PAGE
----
Coverage of gun-related deaths by popular media outlets largely focuses on nationally important stories involving unusual situations, such as a mass shooting or premeditated murder of a police officer. In a nation witnessing a vast number of firearm homicides each year, another gun-related death hardly represents an anomalous occurrence deserving national attention. The visualizations below emphasize the differences in rates of firearm-related fatalities across race, gender, age, and other demographics.
Gun-Related Death Rates by Race, Gender, & Age
Figure 1 shows the gun-related death rates for the African American and White male populations broken down by age groups, computed per 100,000. When considering Figure 1, a few notable patterns appear, consistent throughout the years. First, African American men in the age group 18 to 44 experience a death rate three to four times higher than that of White men. Beyond the age of 45 however, firearm death rates for Black males nearly equal those of Whites. Interestingly, firearm-related mortality rates for White males increase significantly in latter stages of life.
(To see total fatality counts, click the “# of deaths” tab. To view statistics for females and previous years, adjust variables with the menu on the right of the graph.)
Comparing Cause of Death across Race, Gender, and Age
Figure 2 looks at gun death patterns in the context of all other causes of death. The analysis uses 2010 Multiple Cause-of-Death Mortality file from the National Vital Statistics System (easy data access provided by NBER). The data contains information on underlying causes of death (as noted on each death certificates) for all deaths occurring in the US in 2010, along with basic background information on the deceased such as their age, gender, & race.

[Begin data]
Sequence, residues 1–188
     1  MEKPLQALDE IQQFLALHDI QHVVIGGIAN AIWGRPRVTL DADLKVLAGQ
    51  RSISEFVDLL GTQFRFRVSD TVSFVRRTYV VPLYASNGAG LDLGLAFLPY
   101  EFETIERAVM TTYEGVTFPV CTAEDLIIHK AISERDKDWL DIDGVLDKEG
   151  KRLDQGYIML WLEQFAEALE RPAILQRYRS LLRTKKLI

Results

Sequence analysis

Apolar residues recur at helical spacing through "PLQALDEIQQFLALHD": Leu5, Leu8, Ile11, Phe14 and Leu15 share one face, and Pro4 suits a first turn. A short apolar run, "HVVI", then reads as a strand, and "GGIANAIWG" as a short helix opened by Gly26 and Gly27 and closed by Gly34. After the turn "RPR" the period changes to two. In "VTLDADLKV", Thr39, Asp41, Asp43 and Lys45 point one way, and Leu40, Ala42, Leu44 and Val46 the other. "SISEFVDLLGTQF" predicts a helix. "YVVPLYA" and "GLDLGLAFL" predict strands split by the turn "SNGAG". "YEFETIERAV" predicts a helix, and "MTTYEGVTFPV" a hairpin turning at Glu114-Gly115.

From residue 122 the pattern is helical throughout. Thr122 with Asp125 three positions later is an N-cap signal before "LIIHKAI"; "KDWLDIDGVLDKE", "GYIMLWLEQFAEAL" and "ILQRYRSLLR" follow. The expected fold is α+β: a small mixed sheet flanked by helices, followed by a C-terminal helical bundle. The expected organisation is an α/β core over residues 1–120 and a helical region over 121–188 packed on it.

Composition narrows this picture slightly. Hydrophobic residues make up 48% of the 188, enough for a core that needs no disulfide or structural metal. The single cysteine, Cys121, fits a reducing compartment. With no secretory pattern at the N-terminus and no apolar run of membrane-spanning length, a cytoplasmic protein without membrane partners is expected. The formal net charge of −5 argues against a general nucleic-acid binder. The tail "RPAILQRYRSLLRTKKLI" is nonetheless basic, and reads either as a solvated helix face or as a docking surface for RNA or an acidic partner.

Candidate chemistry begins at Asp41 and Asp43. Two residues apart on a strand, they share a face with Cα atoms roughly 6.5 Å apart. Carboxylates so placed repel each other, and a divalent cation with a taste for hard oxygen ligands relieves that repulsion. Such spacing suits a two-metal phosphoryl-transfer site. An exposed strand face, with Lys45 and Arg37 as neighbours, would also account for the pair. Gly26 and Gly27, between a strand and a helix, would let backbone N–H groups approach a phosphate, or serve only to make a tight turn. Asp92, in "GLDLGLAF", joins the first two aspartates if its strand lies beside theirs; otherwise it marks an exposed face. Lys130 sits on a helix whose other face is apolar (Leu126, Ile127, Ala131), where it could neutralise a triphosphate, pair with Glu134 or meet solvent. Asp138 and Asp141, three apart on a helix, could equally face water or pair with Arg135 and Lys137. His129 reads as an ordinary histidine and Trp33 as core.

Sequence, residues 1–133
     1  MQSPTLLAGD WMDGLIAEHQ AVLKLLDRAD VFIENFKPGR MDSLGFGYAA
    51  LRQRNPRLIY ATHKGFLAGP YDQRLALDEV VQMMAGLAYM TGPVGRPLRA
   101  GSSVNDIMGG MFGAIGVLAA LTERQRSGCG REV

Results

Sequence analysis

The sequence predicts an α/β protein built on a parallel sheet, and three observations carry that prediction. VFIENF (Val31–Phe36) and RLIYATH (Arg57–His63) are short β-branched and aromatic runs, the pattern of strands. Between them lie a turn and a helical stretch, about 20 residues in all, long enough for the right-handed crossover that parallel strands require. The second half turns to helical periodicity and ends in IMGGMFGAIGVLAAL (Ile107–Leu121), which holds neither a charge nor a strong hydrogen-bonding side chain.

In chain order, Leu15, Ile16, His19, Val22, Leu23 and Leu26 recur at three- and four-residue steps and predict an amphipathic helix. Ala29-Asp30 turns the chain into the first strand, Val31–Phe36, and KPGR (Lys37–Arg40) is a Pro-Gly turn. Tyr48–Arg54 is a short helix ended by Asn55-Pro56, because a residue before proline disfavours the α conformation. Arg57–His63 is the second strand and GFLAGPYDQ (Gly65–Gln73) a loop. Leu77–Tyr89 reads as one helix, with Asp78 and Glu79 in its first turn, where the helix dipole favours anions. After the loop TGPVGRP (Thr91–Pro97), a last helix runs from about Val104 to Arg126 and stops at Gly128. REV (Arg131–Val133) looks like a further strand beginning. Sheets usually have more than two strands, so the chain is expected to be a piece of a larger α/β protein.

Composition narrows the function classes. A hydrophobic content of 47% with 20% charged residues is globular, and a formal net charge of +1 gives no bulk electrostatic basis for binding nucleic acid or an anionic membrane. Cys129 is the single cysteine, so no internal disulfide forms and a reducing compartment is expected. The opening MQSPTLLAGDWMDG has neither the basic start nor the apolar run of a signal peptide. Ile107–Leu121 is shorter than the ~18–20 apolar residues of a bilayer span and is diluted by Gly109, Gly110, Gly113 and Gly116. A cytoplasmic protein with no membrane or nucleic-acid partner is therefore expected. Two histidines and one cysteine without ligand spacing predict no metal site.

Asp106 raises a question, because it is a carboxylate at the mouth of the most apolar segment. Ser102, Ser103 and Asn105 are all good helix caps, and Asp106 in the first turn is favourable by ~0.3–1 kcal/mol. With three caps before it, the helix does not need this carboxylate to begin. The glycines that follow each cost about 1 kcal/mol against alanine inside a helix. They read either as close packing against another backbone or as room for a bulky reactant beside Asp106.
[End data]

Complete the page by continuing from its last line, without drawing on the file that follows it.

The numbers in the graph represent % of deaths accounted for by major causes–within each age group (filters on the right provide navigation to different race/gender combinations).
As one would expect, unnatural causes such as accident, suicide, and homicide comprise a larger proportion of deaths in the younger populations.
More intriguing are the distribution of these causes across racial groups. For instance, homicide accounted for over half of all Black male deaths in the 15-24 age group, while only 6% of the total white male deaths in this age bracket were due to homicide. Instead, majority (51%) of the white male deaths in this age bracket are due to accidents (use the race filter to see this). Interesting patterns also appear in suicide proportions across race/gender.
The second tab “Compare race” provides the same information, contrasting racial differences in 3 unnatural causes of deaths: accidents, homicide, & suicides.